Business Haas professor Janet Yellen, who has been serving as a governor on the Federal Reserve Board, has been appointed chair of the President's Council of Economic Advisors. Professor Laura Tyson returned from her Washington post as Clinton's top economic advisor to resume her joint appointment at the Haas School of Business and the Department of Economics. The search for a new Haas dean is under way, led by David Hodges, former dean of the College of Engineering.
Chemistry The college recently celebrated its 125th anniversary and dedication of its new state-of-the-art building, Tan Kah Kee Hall. Alumnus Robert Curl won the 1996 Nobel Prize in Chemistry with two others for his discovery of "buckyball" molecules. Chemical Engineering professor Arup Chakraborty took home the Colburn Award for scientists under age 36.
Education has been awarded a $1 million, five-year research training grant from the Spencer Foundation to support doctoral students. The grant is one of nine awarded to major graduate schools of education to help strengthen the quality of educational research and bring more outstanding researchers into the field.
Engineering Intel Corp. - one of the college's most significant corporate supporters - has given 225 desktop computers and several powerful servers valued at more than $1.9 million and $1.1 million in recycled chip-making equipment to the college to upgrade laboratories and classrooms in electrical engineering and computer sciences.
Environmental Design As of July 1, the Department of Landscape Architecture will have a new name better reflecting its teaching and research interests: the Department of Landscape Architecture and Environmental Planning. Architecture chair Donlyn Lyndon has received the Topaz Medallion - the top national award in architecture education.
Information Management and Systems is accepting applications to its Masters and Ph.D. programs for Fall 1997. The mission of this new school is to train professionals to manage all aspects of an information transaction by selecting, evaluating, describing, storing, retrieving, manipulating and presenting relevant information. Check out the school's Web site: www.sims.berkeley.edu
Journalism Political commentator Molly Ivins taught a course in opinion writing this semester while continuing to file her syndicated column from the school. A special class about the reversion of Hong Kong to Chinese control was followed by a field trip to Hong Kong.
Law In the 1997 U.S. News and World Report rankings of the best graduate schools, Boalt Hall was rated ninth best law school in the country. For law specialties, Boalt ranked fourth for environmental law, sixth for intellectual property, and eighth for international law.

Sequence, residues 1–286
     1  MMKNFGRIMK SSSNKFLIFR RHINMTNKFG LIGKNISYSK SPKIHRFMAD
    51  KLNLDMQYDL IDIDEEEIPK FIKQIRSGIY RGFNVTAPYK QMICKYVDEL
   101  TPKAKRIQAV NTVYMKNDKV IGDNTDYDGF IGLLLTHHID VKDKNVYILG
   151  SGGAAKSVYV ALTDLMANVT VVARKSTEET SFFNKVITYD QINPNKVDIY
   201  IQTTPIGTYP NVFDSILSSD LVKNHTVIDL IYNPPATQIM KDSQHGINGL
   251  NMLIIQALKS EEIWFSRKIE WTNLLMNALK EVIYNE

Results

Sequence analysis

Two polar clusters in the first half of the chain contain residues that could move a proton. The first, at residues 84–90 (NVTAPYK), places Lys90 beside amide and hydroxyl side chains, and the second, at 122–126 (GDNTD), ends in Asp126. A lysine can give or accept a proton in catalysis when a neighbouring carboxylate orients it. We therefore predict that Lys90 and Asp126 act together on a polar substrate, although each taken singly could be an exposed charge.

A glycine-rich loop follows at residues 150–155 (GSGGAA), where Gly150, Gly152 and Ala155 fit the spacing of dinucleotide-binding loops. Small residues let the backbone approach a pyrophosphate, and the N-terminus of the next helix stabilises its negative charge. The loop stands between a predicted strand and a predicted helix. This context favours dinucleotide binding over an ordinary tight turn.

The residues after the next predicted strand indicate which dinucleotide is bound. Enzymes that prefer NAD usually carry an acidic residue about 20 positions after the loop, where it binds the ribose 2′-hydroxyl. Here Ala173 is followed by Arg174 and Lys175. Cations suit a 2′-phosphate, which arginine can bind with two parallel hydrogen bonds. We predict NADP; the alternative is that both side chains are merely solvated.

Letters and Science Richard '41 and the late Rhoda Haas Goldman '46 have presented L&S with five $1 million distinguished professorships, one for each of the teaching divisions of the college: biological sciences, humanities, physical sciences, social sciences, and undergraduate and interdisciplinary studies. The five should be named this spring.
Natural Resources Restructured and revitalized, the college is recruiting approximately 20 faculty members over a five-year period in the areas of environment, agriculture, natural resources and safety.
Optometry Dean Anthony Adams has been appointed by Health and Human Services Secretary Donna Shalala to the National Advisory Eye Council of the National Institutes of Health. The 12 council members advise the administration on research, training and facilities development.
Public Health A presentation on "Bugs, The Environment, and Public Health: What's New On The Horizon?" was co-sponsored by the School of Public Health as part of the recent California Council of Local Health Officers Conference held in Berkeley. Presentations by school alumni and faculty also covered environmental issues in minority communities, environmental litigation, and the emerging infections of Cryptosporidiosis and Meningococcus.
Public Policy Dean Eugene Smolensky is stepping down after nine years to focus on teaching and research; a national search for his replacement is almost complete. This summer the school makes a temporary move to Wheeler Hall while its historic building is seismically strengthened and renovated.
Social Welfare Professor
Jewelle Taylor Gibbs' new book, "Race and Justice: Rodney King and
O.J. Simpson in a House Divided," argues that verdicts in both cases
are based on the relationships that whites and blacks have with the police.
According to Gibbs, "Blacks and whites inhabit different worlds and
have vastly different experiences with the police and the criminal justice
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